When Japanese financial institutions, like life insurance companies, engage in yen carry trades, they tend to buy long term Dollar denominated debt instruments, since their obligations to Japanese life insurance purchasers are long term in nature. The largest enemy to yen carry trades is the depreciation of Dollar vs. Yen. At the time of explosive growth of derivatives, those Japanese financial institutions naturally employ hedging against the unavoidable eventual fall of dollar through derivatives. However, straightforward hedging against a falling dollar is prohibitively expensive. Those Japanese financial institutions probably employ sophisticated computer based hedging techniques to make hedging affordable, but those techniques essentially all can be classified as variations of dynamic hedging. What is dynamic hedging? It is a kind of mental hedging long known to many investors. In one word they are the tactic not to hedge at all so the hedger does not need to pay any premium on derivatives since he does not buy any of them. The hedger only pledge to buy certain amount of hedging derivatives to protect a portion of his portfolio if dollar falls vs. yen by a certain amount, and gradually increase the amount of hedging as dollar falls more and more. In the modern financial management, the decisions of hedging are written into computer programs waiting to be executed in case of a falling dollar. If only a small portion of market participants engages in this kind of dynamic hedging, the strategy works fine. If a large number of participants are all using dynamic hedging, this strategy then turns into a grandiose false-sense of security. As dollar fluctuates down sharply against yen, large amount of hedging will be installed. The opposite sides of those hedging activities will be selling dollar short to cover their naked exposure, and will drove dollar down further. More hedging will kick in by computer programs under this dynamic hedging strategy. Very quickly the premium of the hedging derivatives will skyrocket and become beyond the reach of those Japanese financial institutions, and then they are forced to unwind yen carry trades in wholesale even at the time that the interest gap between dollar and yen stays very wide.
It is instructive to look back at the occasions of sharp drops of dollar to see the reason behind each movement. As discussed in article 1 the near zero interest rate policy of Japan, starting from the middle of 1995, induced the yen carry trades and pushed dollar sharply higher. At the middle of 1998 a massive unwinding of yen carry trades occurred and pushed dollar substantially lower against yen. The interest rate gap between dollar and yen was sustained at around 5% level throughout the rout of dollar. Another fall of dollar in the middle of 1999 was similar in nature, not from the shrinkage of interest rate gap. The fall of dollar in the spring of 2002 was due to the unwinding of yen carry trades induced by the sharp narrowing of the interest rate gap; FED started to lower interest rates to fight the recession and the interest rate gap had shrunk to around 1% level, too narrow to sustain yen carry trades. The situation of narrow interest rate gap had persisted until the middle of 2004. Therefore, the massive dollar selling from the fall of 2003 to the spring of 2004 had nothing to do with yen carry trades since the condition to install yen carry trades was absent at that time. That massive dollar selling was induced by pessimism about the future of dollar, a view widely held among long term investors at that time. Eventually Japanese government bought up 400 plus billion dollars during that period to prevent the wholesale collapse of dollar. Since the middle of 2004 FED has pushed up US interest rates by a substantial amount, recreating the favorable condition for yen carry trades. The value of dollar has risen steadily from about 100 yen/dollar to the current level of over 120 yen/dollar.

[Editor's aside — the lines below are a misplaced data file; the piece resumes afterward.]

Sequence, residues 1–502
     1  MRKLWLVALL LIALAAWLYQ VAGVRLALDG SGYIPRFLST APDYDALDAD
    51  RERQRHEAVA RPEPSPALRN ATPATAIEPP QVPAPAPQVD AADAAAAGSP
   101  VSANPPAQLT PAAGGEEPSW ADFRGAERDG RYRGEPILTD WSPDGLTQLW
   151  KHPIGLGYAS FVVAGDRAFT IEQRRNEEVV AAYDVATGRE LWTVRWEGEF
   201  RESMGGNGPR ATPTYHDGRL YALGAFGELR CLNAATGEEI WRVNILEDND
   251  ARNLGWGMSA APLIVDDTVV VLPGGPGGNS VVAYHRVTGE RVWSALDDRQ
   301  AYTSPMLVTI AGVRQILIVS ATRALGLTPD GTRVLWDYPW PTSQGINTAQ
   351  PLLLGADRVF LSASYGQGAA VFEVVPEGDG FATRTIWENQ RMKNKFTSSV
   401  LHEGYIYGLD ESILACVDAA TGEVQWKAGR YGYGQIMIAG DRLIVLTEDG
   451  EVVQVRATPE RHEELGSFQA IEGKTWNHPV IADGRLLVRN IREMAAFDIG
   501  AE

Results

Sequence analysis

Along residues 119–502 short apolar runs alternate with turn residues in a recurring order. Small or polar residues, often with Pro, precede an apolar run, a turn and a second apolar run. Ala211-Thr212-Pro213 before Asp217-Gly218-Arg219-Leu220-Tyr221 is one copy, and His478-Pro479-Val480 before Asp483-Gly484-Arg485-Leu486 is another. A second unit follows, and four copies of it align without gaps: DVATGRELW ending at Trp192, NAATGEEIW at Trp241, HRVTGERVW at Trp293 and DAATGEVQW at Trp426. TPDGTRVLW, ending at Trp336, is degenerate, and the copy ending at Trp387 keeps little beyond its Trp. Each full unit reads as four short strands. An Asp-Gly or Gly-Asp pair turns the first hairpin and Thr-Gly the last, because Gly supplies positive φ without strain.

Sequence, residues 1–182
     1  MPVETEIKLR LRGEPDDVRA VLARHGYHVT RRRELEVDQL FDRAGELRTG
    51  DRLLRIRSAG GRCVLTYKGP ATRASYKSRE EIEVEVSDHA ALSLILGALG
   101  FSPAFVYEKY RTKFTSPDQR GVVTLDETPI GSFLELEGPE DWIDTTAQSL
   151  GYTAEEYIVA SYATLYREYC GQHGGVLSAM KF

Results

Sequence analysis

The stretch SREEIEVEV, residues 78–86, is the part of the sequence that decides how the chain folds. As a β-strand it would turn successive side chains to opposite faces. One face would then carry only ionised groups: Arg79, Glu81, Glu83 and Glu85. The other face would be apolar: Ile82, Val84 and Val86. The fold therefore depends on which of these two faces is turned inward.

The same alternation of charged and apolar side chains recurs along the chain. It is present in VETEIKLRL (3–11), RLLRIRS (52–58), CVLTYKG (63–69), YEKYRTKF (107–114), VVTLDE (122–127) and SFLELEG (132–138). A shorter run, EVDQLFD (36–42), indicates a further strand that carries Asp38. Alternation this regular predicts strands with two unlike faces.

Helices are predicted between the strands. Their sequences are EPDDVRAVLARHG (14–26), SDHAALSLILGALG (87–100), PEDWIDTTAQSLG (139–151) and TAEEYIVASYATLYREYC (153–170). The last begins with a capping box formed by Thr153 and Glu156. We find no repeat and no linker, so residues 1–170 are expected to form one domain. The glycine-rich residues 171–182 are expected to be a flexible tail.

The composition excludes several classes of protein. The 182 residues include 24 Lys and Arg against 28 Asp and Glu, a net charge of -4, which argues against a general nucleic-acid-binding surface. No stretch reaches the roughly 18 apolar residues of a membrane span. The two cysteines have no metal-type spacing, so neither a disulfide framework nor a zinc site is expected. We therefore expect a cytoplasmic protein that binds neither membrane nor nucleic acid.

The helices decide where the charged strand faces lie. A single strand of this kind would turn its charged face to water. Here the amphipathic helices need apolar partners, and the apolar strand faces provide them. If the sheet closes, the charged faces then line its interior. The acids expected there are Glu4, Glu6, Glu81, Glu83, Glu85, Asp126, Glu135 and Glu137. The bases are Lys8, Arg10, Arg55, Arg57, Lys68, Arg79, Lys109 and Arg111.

Three years has passed since the last massive dollar buying operation of Japanese government. Dollar-selling pressure should be building steadily due to continued large trade surplus of Japan. Though it is difficult to say when and how a large enough downward fluctuation of dollar will occur that will trigger the dynamic hedging frenzy and the subsequent unwinding of yen carry trades, the probability for such a disaster increases as time passes. If such event happens, Japanese government needs to reopen its massive dollar buying operation, probably at the order of one trillion dollars, to save the wholesale collapse of dollar and to prevent the destruction of the current globalization process.